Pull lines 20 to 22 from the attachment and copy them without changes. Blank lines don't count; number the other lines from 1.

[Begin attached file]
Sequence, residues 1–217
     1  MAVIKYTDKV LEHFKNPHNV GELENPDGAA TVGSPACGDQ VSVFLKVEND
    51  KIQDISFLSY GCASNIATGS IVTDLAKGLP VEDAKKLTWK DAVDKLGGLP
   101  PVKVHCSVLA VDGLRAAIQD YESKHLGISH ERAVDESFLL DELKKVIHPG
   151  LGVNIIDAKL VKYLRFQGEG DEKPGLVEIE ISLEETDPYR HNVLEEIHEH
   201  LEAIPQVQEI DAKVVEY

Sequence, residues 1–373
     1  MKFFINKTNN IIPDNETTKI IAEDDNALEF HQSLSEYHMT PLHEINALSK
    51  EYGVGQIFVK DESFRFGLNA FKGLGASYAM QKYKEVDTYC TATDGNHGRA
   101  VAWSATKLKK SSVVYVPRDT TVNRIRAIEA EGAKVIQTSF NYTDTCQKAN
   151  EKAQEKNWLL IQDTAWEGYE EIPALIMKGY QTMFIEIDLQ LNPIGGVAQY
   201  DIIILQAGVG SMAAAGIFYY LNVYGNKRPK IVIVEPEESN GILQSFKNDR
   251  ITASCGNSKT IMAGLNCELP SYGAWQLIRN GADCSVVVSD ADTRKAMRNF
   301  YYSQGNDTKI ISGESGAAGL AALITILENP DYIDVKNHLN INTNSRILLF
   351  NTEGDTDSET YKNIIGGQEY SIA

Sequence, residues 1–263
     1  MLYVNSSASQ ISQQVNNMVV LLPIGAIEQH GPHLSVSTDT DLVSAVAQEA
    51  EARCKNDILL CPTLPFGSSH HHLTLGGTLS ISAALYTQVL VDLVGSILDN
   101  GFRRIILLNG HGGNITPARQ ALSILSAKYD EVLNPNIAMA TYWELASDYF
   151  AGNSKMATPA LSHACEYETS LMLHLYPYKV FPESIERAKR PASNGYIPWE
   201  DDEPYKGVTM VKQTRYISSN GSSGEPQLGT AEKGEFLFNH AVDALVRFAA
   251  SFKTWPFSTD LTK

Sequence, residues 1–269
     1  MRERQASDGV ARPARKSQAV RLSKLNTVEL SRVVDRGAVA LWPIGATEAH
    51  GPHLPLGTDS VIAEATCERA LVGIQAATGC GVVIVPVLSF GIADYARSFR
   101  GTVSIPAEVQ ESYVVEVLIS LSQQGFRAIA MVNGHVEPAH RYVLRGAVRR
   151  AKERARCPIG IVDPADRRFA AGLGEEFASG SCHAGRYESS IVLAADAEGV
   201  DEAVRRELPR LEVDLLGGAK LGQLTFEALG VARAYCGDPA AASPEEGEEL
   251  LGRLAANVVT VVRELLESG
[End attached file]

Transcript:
   151  AGNSKMATPA LSHACEYETS LMLHLYPYKV FPESIERAKR PASNGYIPWE
   201  DDEPYKGVTM VKQTRYISSN GSSGEPQLGT AEKGEFLFNH AVDALVRFAA
   251  SFKTWPFSTD LTK